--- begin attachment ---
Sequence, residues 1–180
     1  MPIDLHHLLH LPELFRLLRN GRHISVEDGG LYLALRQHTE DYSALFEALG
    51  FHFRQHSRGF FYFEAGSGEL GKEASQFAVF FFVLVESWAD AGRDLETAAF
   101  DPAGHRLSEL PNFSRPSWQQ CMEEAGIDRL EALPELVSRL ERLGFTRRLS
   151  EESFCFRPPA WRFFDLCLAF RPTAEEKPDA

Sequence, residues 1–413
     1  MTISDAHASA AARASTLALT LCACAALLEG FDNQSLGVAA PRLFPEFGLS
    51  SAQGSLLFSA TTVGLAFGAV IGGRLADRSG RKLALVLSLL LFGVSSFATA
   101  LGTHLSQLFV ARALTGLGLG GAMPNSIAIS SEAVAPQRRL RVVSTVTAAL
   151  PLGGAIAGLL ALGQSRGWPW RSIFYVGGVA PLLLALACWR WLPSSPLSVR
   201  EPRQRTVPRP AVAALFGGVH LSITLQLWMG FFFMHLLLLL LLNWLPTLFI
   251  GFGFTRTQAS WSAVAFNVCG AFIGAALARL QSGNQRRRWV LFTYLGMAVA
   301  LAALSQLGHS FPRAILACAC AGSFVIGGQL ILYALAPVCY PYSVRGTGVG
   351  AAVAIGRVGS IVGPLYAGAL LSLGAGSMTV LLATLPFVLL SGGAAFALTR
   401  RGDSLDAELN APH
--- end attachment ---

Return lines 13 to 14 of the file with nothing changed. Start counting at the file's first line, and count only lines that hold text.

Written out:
   301  LAALSQLGHS FPRAILACAC AGSFVIGGQL ILYALAPVCY PYSVRGTGVG
   351  AAVAIGRVGS IVGPLYAGAL LSLGAGSMTV LLATLPFVLL SGGAAFALTR